FLOWERY BRANCH - Matt Ryan has struggled finding receivers in tight places.
Atlanta's rookie quarterback, named an alternate selection to the Pro Bowl on Wednesday, has guided the team to just six touchdowns in 11 red-zone possessions and seven turnovers over the last three games.
Ryan is at his best when working with enough space for his receivers to emerge from breaks in their routes. It's no surprise that he ranks third in the NFL behind San Diego's Phillip Rivers and Dallas' Tony Romo with 8.09 yards per attempt.
Once the field shortens inside the opponents' 20-yard line, Ryan has found that his options close quickly.
'Things speed up when you get down there,' Ryan said. 'I think we've actually done a pretty good job of getting points when we've been down there. We've been down there a lot. I think that speaks to how well we move the ball as an offense to get into those situations, but I think every team strives to score (touchdowns) when they're in the red zone. Everyone wants to put it in the end zone.'
Fortunately for Atlanta, kicker Jason Elam has made nine straight field-goal attempts in the red zone, including game-winners against Chicago and Tampa Bay, but the true measure of a productive offense is scoring touchdowns.
That was hardly the case in a 22-16 victory at San Diego three weeks ago. White dropped a pass in the end zone. Atlanta lost three fumbles, and the offense failed on four straight runs to score from first-and-goal at the 2 just before halftime.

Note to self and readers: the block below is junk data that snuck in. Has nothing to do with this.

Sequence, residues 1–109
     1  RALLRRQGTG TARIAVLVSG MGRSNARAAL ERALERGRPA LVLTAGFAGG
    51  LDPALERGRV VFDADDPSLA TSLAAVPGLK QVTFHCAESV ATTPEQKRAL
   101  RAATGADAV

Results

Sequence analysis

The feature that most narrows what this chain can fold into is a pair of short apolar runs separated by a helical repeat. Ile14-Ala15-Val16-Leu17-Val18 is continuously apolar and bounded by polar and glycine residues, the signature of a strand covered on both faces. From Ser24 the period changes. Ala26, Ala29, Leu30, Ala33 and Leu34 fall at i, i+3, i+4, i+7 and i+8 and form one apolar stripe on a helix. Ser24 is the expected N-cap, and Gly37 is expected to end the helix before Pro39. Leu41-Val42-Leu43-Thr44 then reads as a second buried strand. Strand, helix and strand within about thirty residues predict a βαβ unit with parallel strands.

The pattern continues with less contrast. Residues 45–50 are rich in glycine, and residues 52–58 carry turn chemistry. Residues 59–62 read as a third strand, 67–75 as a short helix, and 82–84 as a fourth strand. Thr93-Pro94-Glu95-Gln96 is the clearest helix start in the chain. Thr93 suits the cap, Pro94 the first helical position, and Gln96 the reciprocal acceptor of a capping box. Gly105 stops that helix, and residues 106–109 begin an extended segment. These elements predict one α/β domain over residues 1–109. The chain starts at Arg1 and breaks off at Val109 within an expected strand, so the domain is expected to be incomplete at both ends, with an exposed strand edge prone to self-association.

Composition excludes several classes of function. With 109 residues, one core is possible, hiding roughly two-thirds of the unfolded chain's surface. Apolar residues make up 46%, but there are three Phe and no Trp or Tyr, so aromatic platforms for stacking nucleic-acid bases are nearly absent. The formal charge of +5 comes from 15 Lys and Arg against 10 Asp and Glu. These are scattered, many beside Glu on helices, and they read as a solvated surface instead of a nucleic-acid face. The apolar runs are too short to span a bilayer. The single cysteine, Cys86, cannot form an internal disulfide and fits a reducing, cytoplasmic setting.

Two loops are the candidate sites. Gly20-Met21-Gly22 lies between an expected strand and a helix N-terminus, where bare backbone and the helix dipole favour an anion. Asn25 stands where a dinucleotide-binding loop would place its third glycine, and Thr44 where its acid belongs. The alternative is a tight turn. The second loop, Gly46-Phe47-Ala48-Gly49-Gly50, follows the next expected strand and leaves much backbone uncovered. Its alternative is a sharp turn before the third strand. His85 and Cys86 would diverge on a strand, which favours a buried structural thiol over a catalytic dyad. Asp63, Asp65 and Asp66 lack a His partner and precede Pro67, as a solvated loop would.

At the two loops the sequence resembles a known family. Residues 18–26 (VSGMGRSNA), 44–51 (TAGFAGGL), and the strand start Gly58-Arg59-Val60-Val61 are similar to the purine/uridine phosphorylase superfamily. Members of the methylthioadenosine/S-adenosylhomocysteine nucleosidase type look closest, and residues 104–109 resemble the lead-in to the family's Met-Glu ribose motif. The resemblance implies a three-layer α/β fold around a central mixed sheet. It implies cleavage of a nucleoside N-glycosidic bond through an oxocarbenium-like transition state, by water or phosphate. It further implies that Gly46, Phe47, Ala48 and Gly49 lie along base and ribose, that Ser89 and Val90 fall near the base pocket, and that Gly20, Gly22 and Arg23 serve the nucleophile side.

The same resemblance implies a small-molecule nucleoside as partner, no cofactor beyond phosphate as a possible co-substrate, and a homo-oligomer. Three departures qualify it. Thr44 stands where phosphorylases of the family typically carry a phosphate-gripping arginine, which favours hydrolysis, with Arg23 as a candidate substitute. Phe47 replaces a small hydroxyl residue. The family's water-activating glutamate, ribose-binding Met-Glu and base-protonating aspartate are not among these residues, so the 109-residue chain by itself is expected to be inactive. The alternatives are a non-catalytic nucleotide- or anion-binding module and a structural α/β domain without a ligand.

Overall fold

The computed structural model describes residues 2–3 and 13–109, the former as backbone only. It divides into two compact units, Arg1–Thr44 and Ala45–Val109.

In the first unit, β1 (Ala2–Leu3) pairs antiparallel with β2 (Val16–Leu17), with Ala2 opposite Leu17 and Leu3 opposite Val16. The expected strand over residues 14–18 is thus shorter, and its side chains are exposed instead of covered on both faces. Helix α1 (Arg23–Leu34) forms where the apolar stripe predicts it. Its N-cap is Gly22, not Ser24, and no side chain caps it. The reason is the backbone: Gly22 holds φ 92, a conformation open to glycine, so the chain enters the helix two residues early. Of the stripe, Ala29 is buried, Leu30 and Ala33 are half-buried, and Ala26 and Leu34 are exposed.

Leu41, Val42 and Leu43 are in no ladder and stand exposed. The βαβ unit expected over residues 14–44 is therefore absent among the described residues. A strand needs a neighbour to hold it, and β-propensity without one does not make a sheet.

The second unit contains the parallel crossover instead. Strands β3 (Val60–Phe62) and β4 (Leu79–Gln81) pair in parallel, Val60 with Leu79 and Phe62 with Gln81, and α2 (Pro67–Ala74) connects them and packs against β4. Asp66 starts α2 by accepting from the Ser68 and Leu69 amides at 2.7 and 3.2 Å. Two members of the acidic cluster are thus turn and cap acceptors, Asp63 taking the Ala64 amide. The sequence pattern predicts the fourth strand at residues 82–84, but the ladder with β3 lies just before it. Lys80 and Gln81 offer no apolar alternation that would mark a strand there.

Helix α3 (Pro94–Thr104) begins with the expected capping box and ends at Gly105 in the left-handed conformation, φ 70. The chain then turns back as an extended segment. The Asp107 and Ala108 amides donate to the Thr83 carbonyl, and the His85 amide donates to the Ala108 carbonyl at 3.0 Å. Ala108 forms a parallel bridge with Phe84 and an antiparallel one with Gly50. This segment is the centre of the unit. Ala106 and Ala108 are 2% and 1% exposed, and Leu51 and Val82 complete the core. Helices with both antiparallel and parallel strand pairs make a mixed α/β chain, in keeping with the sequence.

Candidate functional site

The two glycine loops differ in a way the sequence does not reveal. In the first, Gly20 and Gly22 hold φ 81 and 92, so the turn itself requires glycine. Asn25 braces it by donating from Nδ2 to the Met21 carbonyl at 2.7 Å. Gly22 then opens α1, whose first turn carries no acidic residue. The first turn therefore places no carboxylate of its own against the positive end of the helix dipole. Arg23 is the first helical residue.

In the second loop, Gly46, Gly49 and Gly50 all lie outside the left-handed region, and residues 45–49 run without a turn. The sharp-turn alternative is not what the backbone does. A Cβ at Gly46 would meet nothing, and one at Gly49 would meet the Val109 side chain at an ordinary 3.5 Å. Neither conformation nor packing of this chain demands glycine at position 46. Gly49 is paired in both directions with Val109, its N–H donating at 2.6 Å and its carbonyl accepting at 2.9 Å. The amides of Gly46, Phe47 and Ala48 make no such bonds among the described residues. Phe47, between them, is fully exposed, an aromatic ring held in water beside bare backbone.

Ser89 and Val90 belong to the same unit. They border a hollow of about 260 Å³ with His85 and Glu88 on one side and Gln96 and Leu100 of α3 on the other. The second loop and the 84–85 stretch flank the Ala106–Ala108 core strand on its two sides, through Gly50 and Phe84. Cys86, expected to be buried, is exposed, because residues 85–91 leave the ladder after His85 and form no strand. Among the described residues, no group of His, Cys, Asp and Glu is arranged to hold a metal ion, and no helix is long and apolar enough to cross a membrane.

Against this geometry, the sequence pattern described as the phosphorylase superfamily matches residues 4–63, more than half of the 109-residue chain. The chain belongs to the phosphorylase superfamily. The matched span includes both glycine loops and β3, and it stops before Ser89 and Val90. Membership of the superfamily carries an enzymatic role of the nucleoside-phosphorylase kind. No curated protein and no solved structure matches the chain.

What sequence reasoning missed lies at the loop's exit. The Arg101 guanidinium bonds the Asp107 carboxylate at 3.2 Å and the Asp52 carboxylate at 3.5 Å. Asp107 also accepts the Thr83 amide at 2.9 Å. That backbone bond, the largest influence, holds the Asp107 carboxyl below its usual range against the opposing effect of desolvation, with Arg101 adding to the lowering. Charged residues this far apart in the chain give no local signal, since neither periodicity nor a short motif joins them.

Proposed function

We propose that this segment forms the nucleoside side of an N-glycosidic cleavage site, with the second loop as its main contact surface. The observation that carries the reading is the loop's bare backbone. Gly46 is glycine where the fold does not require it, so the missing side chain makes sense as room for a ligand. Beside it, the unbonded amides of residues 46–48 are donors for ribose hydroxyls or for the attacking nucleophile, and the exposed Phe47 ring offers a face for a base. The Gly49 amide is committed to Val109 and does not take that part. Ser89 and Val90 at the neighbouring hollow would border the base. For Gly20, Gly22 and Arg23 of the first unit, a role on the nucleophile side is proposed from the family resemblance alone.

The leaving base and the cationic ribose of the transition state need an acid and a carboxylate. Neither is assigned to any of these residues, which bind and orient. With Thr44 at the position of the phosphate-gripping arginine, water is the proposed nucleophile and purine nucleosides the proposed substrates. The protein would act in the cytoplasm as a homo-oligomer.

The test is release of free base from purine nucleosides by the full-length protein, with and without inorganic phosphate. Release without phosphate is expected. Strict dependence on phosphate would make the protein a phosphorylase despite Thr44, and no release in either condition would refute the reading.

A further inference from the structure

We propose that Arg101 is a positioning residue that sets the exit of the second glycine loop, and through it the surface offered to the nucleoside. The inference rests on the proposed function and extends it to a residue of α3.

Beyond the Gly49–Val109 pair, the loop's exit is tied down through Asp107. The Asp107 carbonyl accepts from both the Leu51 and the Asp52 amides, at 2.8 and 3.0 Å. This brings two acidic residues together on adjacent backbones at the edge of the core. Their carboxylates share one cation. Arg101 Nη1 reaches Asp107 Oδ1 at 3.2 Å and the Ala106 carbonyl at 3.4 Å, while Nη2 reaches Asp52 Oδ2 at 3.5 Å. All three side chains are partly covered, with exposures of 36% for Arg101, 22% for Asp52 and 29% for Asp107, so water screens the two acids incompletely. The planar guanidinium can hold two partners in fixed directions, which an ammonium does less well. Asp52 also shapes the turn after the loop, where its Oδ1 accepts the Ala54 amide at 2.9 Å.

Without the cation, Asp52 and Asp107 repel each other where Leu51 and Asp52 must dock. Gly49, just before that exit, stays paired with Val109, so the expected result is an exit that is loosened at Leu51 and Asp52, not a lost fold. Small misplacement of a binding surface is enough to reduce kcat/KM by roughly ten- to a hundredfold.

'We've been very fortunate to win (when) we were minus-3 in the turnover ratio,' Falcons coach Mike Smith said. 'That doesn't happen very often statistically, somewhere around 10 to 15 percent of the time when you're minus-3, so it's something that we have to continue to harp on and make sure that we don't put ourselves in those situations.'
It's going to take a mistake-free game Sunday at Minnesota (9-5) if the Falcons are going to improve their chances of making the playoffs.
After watching Ryan complete just nine of 14 passes for 139 yards and two interceptions in the first half last week, offensive coordinator Mike Mularkey decided to ease the demands of making deep reads against Tampa Bay's disguised coverages.
The two longest passing gains following intermission were a 27-yarder to reserve tight end Jason Rader and a 14-yarder to White in overtime. Both balls, however, were thrown to short routes on the right side of the field. At least White was able to move the flags to the Buccaneers' 45.
Rader fared much worse after Tampa Bay coach Jon Gruden successfully challenged a reversed call of his first career touchdown. Instead of leading 17-7, the Falcons had to resume managing a tight game against their NFC South rivals.
'On the flip side of it, I will say that our guys have handled those adverse situations very well,' Smith said. 'I think that speaks to the resiliency of this football team.'
Following a quick three-and-out on Atlanta's next possession, Mularkey essentially put the game in Turner's hands, and the NFL's second-leading rusher did not disappoint. He touched the ball 14 times on the last 24 plays, rushing 13 times for 80 yards and catching a 12-yard pass.
Turner's success also gave Ryan some resolve to convert a third-and-3 on the snap that immediately followed the quarterback's fumble on a midfield hit by Bucs defensive end Kevin Carter.
Left guard Justin Blalock bailed out Ryan by beating three Tampa Bay defenders to the loose ball.
Ryan plans to return the favor this week by helping the offense stay focused on winning at Minnesota.
'I think the focus has been about taking care of our own situation,' Ryan said. 'All we can do at this point is win the games on our schedule, so that's really all we're focused on this week.'
SideBar: FALCONS AT VIKINGS
When: Sunday, 4:15 p.m.